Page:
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North Korea risks end of regime, says U.S.


US Defence Secretary Jim Mattis has told North Korea to avoid actions that could usher in the “end of its regime and the destruction of its people”.

The Pentagon chief also said Pyongyang would be “grossly overmatched” in a war against the US and its allies.

His stark warning comes a day after President Donald Trump threatened North Korea with “fire and fury”.

US Secretary of State Rex Tillerson sought to assure Americans there was no imminent threat.

In Wednesday’s strongly worded statement, Mr Mattis called on Pyongyang to halt its arms programme.

“The DPRK (Democratic People’s Republic of Korea) must choose to stop isolating itself and stand down its pursuit of nuclear weapons,” the US Marine Corps general said.

“While our state department is making every effort to resolve this global threat through diplomatic means, it must be noted that the combined allied militaries now possess the most precise, rehearsed and robust defensive and offensive capabilities on Earth.”

Pyongyang’s actions “will continue to be grossly overmatched by ours and would lose any arms race or conflict it initiates”, Mr Mattis added.

Mr Trump – who has said he will not allow Pyongyang to develop a nuclear weapon capable of hitting the US – boasted earlier on Wednesday of America’s atomic arsenal.

In early morning tweets from New Jersey where he is on holiday, the president said the US nuclear stockpile was “more powerful than ever before”.

He added that he was hopeful “we will never have to use this power”.

The tweets come amid escalating rhetoric between the two sides.

North Korea’s state-run KCNA news agency said on Wednesday that Pyongyang was “carefully examining” a plan to strike the US territory of Guam.

The Pacific island is home to US military bases, strategic bombers and about 163,000 people.

Stopping in Guam to refuel after a trip to South East Asia, Mr Tillerson said he was hopeful a global “pressure campaign” involving Russia and China could lead to new dialogue with Pyongyang “about a different future”.

America’s top diplomat also defended President Trump’s language.

He said North Korean leader Kim Jong-un did not understand diplomatic language, and a strong message was needed that he could understand.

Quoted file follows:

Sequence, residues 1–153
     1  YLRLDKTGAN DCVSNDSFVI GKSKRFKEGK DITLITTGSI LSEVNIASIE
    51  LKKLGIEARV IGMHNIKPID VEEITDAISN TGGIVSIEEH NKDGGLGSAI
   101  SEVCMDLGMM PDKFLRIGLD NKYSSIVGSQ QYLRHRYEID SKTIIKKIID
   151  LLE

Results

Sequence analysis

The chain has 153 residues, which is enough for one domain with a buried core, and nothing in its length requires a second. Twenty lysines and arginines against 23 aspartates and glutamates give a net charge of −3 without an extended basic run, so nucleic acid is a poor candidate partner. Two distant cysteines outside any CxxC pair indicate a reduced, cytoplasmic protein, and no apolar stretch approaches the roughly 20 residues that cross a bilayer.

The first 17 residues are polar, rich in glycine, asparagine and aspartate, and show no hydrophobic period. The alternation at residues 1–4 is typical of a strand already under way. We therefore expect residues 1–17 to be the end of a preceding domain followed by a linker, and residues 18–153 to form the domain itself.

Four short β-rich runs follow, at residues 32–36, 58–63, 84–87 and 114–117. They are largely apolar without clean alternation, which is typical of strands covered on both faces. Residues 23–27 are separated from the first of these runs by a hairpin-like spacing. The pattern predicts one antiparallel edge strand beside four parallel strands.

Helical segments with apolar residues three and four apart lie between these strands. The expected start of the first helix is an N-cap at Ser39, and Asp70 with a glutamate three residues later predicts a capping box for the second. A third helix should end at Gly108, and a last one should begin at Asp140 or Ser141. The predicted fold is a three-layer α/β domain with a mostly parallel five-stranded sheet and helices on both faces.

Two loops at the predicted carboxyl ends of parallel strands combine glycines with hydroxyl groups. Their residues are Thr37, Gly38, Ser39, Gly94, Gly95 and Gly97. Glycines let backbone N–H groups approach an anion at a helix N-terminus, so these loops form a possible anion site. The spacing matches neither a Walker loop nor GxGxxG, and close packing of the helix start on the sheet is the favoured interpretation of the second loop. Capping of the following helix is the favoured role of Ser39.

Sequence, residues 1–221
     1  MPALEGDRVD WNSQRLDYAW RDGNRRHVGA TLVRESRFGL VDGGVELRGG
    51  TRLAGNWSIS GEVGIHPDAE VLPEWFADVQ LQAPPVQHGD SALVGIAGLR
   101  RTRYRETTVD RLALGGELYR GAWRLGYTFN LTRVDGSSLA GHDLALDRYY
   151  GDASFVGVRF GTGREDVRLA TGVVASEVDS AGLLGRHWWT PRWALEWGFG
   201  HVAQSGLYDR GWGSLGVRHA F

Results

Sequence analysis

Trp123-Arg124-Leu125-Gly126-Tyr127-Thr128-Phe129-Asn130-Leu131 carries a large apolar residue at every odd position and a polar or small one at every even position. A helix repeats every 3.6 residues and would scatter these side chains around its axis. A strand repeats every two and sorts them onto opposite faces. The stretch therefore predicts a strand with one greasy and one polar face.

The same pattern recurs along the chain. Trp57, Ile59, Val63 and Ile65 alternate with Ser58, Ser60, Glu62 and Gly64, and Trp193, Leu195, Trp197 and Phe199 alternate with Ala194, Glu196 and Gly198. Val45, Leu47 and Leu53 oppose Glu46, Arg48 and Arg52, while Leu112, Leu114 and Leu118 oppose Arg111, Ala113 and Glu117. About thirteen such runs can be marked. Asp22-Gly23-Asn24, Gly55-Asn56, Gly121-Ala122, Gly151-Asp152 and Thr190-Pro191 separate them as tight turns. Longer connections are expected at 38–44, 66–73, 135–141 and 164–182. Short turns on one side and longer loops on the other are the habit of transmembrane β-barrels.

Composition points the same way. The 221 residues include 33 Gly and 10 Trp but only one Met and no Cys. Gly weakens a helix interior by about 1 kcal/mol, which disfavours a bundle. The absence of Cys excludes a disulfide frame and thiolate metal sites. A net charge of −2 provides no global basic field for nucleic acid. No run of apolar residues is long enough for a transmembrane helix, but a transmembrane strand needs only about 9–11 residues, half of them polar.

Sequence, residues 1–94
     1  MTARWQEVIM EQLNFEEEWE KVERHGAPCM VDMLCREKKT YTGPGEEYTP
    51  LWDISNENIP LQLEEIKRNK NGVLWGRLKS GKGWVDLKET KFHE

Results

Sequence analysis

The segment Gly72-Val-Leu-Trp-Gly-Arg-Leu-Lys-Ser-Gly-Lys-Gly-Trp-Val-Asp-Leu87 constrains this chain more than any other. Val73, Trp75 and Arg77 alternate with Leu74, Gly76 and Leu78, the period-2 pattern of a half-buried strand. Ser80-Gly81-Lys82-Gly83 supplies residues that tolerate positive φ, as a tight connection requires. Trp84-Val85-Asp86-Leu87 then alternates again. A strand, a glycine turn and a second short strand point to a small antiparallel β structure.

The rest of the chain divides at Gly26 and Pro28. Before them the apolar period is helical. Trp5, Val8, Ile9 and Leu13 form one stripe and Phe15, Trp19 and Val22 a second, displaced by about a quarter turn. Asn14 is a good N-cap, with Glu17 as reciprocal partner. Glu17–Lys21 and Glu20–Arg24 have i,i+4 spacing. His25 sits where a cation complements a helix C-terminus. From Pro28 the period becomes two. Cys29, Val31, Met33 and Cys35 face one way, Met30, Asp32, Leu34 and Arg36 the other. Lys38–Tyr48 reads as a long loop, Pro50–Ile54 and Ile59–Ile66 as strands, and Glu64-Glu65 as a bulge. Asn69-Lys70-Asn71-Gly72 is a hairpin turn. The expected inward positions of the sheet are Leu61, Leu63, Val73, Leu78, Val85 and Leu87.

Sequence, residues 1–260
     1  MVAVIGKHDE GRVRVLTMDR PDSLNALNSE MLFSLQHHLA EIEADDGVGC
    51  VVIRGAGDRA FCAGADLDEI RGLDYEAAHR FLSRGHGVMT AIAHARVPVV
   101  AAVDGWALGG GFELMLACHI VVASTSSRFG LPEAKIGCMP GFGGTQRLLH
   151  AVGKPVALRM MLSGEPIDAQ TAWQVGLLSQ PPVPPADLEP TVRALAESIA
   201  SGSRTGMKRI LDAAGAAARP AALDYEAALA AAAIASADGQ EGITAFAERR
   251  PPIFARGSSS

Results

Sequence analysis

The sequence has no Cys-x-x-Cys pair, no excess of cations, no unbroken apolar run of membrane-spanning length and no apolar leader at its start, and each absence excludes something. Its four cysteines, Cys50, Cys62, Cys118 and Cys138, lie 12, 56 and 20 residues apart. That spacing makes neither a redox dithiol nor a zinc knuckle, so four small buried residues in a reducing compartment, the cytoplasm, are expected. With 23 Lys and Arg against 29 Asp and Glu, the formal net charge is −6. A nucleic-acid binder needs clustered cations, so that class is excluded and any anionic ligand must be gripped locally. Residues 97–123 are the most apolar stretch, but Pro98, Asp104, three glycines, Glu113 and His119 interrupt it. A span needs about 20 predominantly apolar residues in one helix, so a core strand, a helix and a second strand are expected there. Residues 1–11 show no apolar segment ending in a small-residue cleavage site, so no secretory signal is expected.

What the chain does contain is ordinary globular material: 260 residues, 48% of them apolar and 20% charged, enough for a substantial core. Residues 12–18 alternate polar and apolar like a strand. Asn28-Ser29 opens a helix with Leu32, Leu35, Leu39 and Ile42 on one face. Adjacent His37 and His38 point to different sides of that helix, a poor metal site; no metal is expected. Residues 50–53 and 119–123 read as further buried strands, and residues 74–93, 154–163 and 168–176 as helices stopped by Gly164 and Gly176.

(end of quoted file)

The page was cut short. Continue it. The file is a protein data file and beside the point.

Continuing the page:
Mr Tillerson added the situation had not dramatically changed over the last few days, and that Americans “should sleep well at night”.

China has urged calm, describing the situation as “complex and sensitive”.


Analysis: Tillerson gets his broom out

Anthony Zurcher, BBC senior North America reporter

As Donald Trump made his “fire and fury” threat against North Korea, the lone camera in the room zoomed in for a tight shot. It would have been telling to see the effect those words had on his advisers.

Did they nod knowingly or look surprised? Was this part of the plan or an off-the-cuff presidential remark they’d have to clean up?

A day later and thousands of miles away, Rex Tillerson had out his mop and broom. The secretary of state said Mr Trump was merely reasserting that the US would defend itself if attacked, using language North Korea would understand.

That’s not exactly what the president said, however. He warned of retribution if Kim Jong-un continued to make threats – punishing words with action.

It could simply be unfortunate phrasing from a man who is sometimes loose with words. Mr Tillerson would not be the first presidential aide intent on framing Mr Trump’s blunt statements in a softer light.

With the president touting US nuclear might and test-firing an ICBM, however, the secretary of state – already considered to have little sway in this administration – may find his efforts at clarification buried in a torrent of bluster.


The White House on Wednesday denied reports that Mr Trump’s “fire and fury” statement a day earlier, unusually provocative for a US president, was an off-the-cuff remark that had caught his inner circle unawares.

Press Secretary Sarah Huckabee Sanders told reporters: “The tone and strength of the message were discussed beforehand.”Despite rounds of UN sanctions, Pyongyang carried out two nuclear bomb tests last year and two intercontinental ballistic missile tests in July.

On Tuesday, media reports in the US claimed the North had achieved its goal of making a nuclear warhead small enough to fit inside its missiles.

However, most analysts doubt the tiny dictatorship would launch a suicidal pre-emptive attack on the US.

North Korea remains technically in a state of war with the US and South Korea after the 1950-53 conflict on the peninsula ended in a truce.



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